Curb Appeal is Important when Selling an Accounting Practice
Since we all know there is a range of multiples, which CPA’s and Accountants sell, what determines where in the range a practice will sell? While the largest factor is the cash flow margin, it is not the only reason certain firms sell at a higher multiple than others. Curb appeal matters!
When we refer to ‘Curb Appeal’, we are discussing all of the softer components that make up the business. Curb Appeal has historically been used in reference to selling real estate property. We use it to describe some of the key components of the business operation. These items are usually addressed or questioned in due diligence of a firm and it is therefore critical that these value quadrants be addressed if you want to obtain top dollar. Below is a list of items that will improve the saleability of the firm and are items that should be in order prior to sale:
- Operating Systems
- What marketing systems are in place? If the company can demonstrate through its web presence, social marketing, niche marketing, or sales force that future business can be generated from the duplication of these systems then curb appeal goes up.
- Is the operational flow efficient and can it be scaled? Well-informed buyers will review the operational systems. Even the appearance of an organized and documented flow will increase the curb appeal.
- How many IRS penalties has the firm had and how many audits in the last 5 years? These items are usually asked and firms with clean records find themselves moving quickly to close.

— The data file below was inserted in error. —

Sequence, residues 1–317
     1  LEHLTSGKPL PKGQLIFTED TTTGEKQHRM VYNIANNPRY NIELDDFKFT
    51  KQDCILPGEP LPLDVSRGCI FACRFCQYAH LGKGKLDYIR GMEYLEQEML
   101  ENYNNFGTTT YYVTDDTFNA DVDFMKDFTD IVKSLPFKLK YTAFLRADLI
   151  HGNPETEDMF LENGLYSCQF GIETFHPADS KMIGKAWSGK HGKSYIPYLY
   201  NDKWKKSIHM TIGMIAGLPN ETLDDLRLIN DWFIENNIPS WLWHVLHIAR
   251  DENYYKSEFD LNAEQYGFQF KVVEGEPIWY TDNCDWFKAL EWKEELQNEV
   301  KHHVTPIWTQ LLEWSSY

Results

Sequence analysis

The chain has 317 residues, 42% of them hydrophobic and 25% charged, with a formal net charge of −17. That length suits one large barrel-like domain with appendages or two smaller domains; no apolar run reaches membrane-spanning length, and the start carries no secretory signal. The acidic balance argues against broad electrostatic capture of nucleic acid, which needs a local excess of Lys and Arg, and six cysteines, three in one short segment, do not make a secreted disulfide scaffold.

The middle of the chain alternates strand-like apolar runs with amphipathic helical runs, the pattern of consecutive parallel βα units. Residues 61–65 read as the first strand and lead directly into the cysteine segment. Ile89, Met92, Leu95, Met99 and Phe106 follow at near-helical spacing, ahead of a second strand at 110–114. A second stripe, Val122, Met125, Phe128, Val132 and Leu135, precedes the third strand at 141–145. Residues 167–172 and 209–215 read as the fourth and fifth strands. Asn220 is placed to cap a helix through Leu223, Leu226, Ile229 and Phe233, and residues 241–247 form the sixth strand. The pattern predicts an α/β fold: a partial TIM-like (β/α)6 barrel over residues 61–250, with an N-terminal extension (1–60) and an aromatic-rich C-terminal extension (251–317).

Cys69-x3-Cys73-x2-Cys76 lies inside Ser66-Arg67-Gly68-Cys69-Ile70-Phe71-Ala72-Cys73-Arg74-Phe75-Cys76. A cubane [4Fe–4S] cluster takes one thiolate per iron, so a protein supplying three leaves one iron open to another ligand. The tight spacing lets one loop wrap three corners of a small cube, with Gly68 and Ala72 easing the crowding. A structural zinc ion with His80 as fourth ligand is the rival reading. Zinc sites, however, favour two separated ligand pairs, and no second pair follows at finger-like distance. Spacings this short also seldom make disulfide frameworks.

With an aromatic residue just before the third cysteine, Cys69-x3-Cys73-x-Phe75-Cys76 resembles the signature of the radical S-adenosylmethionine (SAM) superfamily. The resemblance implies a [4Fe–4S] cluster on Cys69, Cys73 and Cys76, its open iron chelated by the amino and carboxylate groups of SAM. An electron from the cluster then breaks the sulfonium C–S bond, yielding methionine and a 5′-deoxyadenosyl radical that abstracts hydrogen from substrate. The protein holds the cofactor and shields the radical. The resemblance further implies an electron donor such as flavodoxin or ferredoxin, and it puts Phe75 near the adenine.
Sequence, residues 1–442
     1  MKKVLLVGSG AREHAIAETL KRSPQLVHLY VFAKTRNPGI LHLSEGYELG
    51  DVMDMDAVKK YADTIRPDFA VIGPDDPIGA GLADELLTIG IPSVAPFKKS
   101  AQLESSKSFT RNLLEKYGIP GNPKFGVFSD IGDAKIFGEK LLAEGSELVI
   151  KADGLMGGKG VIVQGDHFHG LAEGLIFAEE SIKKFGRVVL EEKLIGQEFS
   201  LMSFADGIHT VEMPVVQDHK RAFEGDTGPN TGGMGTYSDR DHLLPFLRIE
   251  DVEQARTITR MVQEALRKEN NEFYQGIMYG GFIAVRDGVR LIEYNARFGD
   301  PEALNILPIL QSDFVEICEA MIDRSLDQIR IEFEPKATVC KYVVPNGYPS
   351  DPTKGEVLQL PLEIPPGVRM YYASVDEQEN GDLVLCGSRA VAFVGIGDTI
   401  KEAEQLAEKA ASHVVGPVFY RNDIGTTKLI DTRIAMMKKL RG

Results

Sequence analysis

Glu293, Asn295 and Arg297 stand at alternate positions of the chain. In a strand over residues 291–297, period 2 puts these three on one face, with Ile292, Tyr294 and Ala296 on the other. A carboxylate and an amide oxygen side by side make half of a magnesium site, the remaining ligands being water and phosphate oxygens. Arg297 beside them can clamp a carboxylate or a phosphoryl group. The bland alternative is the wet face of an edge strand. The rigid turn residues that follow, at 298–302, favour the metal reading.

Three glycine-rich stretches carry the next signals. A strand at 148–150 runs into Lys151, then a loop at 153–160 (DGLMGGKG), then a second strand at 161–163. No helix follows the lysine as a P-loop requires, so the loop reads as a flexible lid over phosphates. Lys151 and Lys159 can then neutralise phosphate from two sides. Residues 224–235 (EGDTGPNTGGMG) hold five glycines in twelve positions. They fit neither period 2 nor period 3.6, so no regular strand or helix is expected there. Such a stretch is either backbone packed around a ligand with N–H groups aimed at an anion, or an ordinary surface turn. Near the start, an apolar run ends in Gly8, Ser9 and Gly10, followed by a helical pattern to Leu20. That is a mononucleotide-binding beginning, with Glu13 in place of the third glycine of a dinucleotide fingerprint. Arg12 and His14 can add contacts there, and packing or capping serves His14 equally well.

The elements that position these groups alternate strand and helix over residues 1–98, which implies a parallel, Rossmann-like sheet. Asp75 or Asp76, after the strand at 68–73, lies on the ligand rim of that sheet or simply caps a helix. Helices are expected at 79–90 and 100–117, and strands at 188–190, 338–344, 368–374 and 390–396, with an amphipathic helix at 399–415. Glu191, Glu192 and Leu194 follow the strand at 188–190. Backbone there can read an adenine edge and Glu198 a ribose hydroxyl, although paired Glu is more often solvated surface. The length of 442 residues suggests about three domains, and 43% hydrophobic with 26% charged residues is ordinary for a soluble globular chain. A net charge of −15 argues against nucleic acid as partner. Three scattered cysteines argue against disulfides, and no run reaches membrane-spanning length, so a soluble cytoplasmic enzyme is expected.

- What financial controls are in place and do they meet the standards now required for CPA’s or Accountants?
- Human Resource Systems
- How does a firm attract and retain good employees? Systemic solutions to HR problems are an excellent way to improve curb appeal and increase the value of the firm.
- How does the firm protect its assets and clients against employee theft, solicitation, or competition? Does the firm maintain employment agreements that contain non-compete or non-solicit language. Do they control client contact?
- Are employee files maintained and readily accessible? If someone can easily put their hands on the employee application, background check, I-9, W4, and non-solicit or non-compete agreements, the curb appeal goes up.
Curb appeal with businesses is not only how the business looks from the curb, but the general systems, operational flow, and human resources that it deploys. These items will attract the kind of buyer that you want as well as improve the intrinsic value in your firm.